Dear Nicole: Should I invite feuding friends to a party?



Dear Nicole,

My friends just had a huge fight. I am not sure what it was even about but I know they aren’t speaking. I am throwing a holiday party soon and the idea of inviting both of them is making me worry the party will turn into battleground. I also can’t invite only one. I am equally friends with both. What should I do?

Seeking Peace Under the Wreath

I am not at all verbally patting you on the head when I say this is not your battle. It isn’t. If you want to invite them both, you should and say to them (separately of course). “I want to let you know I am inviting so and so. I hope you are able to put your personal conflicts aside at the party. But if not, I understand if you don’t want to come.”

Perhaps the party can be an excuse to get past their differences in time to have a good time.

 

Dear Nicole,

My friend has three kids and she brings them everywhere. I get that it must be hard to get a babysitter (her husband works a lot) but I also miss our one-on-one time. Is there any way to ask for her to hang out solo without her taking it the wrong way?

The Fifth Wheel

It’s hard when a friend’s reality changes and yours does not. So slow clap for both of you for maintaining this friendship! A few ideas:

Go someplace that has childcare. The Y in Bar Harbor has a childcare room. Take some laps around the track while her kiddos play safely nearby.

A place like the park where kids can run around while you sit on the benches with coffee and catch up might be better than forcing kids to, say, act nice in a more adult oriented outing. Yes, the kids will interrupt you but at least they’ll be doing something else allot of the time (maybe).

Ask your friend for a standing date. Do errands together. Oftentimes parents use time away from kids to, say, get to the post office or grocery store. Offer to go with your friend.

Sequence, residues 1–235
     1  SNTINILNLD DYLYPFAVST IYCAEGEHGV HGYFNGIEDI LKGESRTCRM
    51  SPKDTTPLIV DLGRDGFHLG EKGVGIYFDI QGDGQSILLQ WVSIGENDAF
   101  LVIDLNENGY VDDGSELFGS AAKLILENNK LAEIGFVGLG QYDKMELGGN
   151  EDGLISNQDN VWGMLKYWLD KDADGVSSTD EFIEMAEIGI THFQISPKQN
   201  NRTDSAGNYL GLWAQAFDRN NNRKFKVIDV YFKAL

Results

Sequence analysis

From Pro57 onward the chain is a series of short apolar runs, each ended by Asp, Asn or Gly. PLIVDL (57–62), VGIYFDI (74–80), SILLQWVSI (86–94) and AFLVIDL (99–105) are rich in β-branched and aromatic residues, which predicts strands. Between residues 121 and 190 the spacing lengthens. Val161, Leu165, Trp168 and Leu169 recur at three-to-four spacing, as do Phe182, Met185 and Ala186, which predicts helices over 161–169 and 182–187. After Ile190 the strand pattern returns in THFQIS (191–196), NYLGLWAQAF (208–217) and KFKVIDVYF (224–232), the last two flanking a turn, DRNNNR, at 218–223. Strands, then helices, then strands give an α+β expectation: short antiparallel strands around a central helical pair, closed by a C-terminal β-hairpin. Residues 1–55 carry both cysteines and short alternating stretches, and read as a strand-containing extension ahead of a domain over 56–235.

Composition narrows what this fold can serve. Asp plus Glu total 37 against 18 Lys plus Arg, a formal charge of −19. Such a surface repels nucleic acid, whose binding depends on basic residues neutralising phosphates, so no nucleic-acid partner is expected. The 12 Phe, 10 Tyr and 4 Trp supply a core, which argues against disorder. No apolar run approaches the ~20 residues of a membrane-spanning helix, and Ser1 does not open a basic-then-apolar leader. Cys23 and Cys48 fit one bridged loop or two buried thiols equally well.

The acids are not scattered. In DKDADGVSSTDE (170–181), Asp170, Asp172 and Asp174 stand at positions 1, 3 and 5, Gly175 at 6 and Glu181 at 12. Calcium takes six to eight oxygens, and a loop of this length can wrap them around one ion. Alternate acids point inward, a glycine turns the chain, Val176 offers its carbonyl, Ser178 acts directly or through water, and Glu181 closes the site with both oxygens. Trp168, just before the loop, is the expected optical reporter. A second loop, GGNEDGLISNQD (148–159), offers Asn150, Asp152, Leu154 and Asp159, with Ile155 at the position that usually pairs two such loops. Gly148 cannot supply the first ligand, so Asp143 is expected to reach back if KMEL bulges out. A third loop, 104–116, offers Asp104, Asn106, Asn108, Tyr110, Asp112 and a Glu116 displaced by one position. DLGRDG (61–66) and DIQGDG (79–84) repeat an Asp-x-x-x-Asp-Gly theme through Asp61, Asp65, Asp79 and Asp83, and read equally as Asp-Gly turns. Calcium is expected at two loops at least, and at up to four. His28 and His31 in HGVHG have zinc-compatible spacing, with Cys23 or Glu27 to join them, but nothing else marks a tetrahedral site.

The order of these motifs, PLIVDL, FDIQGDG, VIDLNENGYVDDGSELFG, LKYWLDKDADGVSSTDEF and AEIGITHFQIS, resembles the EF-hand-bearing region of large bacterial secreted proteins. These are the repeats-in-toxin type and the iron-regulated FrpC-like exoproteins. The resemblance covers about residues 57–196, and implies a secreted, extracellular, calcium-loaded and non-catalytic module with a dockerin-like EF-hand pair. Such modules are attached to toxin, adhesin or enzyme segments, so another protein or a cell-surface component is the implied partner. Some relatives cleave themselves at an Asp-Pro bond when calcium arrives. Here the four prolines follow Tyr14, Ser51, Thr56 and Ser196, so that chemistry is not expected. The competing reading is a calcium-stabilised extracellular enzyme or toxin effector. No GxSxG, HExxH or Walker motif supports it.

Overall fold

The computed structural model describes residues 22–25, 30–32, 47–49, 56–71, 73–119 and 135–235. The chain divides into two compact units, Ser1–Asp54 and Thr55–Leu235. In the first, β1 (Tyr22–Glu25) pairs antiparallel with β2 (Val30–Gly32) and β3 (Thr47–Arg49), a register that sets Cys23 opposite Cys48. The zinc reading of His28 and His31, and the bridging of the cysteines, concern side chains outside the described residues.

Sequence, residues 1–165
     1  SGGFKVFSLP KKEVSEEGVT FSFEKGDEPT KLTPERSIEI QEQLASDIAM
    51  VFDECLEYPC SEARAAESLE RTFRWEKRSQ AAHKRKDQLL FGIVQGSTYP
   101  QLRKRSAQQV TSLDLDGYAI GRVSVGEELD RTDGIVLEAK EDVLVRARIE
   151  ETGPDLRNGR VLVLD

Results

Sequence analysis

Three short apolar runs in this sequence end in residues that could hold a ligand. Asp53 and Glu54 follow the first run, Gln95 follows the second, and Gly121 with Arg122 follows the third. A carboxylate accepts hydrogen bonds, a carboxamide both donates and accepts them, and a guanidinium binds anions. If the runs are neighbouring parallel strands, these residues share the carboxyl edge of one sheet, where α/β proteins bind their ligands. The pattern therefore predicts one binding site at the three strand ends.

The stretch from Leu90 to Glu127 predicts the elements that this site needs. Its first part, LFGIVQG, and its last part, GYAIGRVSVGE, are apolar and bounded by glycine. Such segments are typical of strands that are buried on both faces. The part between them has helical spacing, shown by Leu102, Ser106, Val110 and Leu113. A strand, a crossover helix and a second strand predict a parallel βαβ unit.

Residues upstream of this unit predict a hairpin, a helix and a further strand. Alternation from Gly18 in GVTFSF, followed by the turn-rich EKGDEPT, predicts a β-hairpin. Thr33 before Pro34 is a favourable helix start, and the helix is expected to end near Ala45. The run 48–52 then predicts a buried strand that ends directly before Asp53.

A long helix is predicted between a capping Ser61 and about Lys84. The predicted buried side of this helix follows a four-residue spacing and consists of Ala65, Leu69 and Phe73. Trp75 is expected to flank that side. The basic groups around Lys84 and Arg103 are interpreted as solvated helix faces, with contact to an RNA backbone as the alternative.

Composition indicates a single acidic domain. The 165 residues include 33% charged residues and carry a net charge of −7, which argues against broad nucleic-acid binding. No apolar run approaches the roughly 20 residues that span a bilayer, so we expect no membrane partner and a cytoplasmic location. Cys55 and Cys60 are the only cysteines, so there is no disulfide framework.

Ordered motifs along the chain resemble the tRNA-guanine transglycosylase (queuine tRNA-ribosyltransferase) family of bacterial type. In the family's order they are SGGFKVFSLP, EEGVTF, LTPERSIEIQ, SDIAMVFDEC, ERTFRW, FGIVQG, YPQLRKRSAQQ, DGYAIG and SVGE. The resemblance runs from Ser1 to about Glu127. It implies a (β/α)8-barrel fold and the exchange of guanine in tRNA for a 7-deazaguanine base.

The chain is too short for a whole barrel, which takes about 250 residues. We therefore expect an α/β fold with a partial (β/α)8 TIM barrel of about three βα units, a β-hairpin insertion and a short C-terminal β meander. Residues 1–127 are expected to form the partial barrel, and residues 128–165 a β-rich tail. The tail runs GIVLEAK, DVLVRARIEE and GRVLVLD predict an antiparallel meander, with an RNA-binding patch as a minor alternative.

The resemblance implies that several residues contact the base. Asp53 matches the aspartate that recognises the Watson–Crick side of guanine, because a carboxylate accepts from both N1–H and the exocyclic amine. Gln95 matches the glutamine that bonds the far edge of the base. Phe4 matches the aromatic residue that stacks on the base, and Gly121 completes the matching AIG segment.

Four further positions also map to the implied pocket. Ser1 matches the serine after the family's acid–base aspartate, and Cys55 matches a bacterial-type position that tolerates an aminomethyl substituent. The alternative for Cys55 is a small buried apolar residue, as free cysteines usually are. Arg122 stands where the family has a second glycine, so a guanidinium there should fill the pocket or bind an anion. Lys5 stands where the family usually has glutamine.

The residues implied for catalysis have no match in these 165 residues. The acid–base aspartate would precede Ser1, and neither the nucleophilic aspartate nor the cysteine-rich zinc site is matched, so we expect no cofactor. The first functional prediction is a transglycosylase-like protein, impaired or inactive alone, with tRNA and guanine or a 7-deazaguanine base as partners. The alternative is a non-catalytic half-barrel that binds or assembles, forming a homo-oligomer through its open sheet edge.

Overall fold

Dear Nicole,

One of my friends is super into this health program. It kind of seems like a pyramid scheme (she sells as part of a team). She’s always posting about it on Facebook and inviting me to join events. The “Holiday Slim Down” email just threw me over the edge. I am excited my friend has found a way to be happy but come on, get off our backs!

Unhealthy and Happy

I am sure you aren’t necessarily unhealthy, even if your friend sees you that way because you haven’t been using her miracle products.

This behavior is pretty annoying, regardless of the product or cause.

You can support your friend in non-financial ways. “Like” their Facebook page (then block updates from it from your feed if they annoy you). Send her an email saying you are happy she has found something that makes her so happy. When you see her, ask how her business is going.

But no need to go to any buying parties or join online events. Untag that promotional flyer she tagged you in. If she added you to an email list without asking, unsubscribe.

If she acts in another way, simply tell her you wish her great success but you are happy with your life as is. Sounds like she’ll eventually be onto the next thing in the course of a few months anyway.

Nicole Ouellette

Nicole Ouellette

When Nicole isn't giving advice she's completely unqualified to give, she runs an Internet marketing company in Bar Harbor, where she lives with her husband Derrick and their short dog Gidget. She loves young adult novels, cooking and talking French to anyone who'll talk back. [email protected]
Nicole Ouellette

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